Mitral valve prolapse (MVP)—a common condition that’s rarely serious—might boost heart patients’ risk for sudden cardiac death (SCD), researchers reported in the BMJ journal Heart this week.
“MVP is commonly observed as a benign finding,” lead researcher Rajiv Mahajan, MD, PhD, and colleagues from the Universities of Adelaide, Melbourne, New South Wales and Queensland, wrote. “However, the literature suggests that it may be associated with sudden cardiac death.”
That literature, though, is limited, Mahajan et al. said. Barring a handful of case studies, clinicians know little about the link between MVP and SCD, other than the fact that there is one.
Mahajan and his team conducted a meta-analysis of more than 7,600 studies in the English medical literature, eventually narrowing the pool to a total of 34 studies. They said their analysis would focus on the prevalence of MVP in the general population, prevalence of MVP in cases of SCD and unexplained SCD and identify any risk factors that might link the two.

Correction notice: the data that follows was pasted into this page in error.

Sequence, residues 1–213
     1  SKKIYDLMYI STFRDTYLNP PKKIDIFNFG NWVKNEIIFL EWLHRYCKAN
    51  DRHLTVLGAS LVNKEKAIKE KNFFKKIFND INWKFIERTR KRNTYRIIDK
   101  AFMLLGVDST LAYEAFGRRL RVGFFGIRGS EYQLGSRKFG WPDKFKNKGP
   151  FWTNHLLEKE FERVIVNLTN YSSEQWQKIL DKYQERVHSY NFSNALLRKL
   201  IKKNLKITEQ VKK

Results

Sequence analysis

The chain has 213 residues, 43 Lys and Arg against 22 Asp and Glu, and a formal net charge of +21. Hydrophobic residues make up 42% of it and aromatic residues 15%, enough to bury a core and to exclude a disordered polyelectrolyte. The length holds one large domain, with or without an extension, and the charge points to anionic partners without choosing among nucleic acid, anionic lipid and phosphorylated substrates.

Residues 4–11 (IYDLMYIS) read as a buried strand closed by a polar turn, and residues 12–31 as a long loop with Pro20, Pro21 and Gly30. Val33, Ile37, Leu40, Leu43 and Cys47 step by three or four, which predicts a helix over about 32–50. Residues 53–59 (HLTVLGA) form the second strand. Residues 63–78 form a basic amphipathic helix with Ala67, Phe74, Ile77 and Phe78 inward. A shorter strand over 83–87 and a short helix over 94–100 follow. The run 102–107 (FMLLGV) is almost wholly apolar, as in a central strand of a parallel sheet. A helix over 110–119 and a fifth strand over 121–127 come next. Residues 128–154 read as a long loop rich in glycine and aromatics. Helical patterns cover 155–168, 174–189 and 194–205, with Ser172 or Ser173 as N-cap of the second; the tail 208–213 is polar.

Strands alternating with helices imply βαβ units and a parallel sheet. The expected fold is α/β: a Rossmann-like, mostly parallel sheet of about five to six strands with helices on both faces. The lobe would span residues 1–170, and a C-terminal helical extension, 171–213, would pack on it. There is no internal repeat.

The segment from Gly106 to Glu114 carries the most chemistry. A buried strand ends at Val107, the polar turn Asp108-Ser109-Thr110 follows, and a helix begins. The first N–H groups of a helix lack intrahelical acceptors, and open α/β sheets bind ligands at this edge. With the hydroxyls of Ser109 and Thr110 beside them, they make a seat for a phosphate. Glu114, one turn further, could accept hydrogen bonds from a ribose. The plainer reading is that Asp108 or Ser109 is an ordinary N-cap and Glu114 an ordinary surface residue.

According to the study’s results, 12 percent of victims of sudden cardiac deaths also suffered from mitral valve prolapse. MPV patients—who make up 1.2 percent of community populations—suffered from SCD 0.14 percent of the time. The researchers also identified several potential risk factors for sudden cardiac death, including bileaflet prolapse, ventricular fibrosis complex ventricular ectopy and ST-T wave abnormalities.
“The high prevalence of MVP in cohorts of unexplained SCD despite low population prevalence provides indirect evidence of an association of MVP with SCD,” the authors wrote. “The absolute number of people exposed to the risk of SCD is significant, although the incidence of life-threatening arrhythmic events in the general MVP population remains low.”
Mahajan and colleagues said their next steps involve creating a prospective registry in Australia for patients with mitral valve prolapse, resuscitated cardiac arrest and SCD.
Prash Sanders, a co-author on the paper and director of the Center for Heart Rhythm Disorders at the University of Adelaide, said in a release that his team’s work is a “prime example” of how cross-institutional collaboration can result in improved patient outcomes.
“With one in five sudden cardiac deaths occurring in people with otherwise normal hearts, this research provides insight into the need for further investigation of patients with mitral valve prolapse and high-risk conditions for serious and life-threatening cardiac arrhythmias,” he said.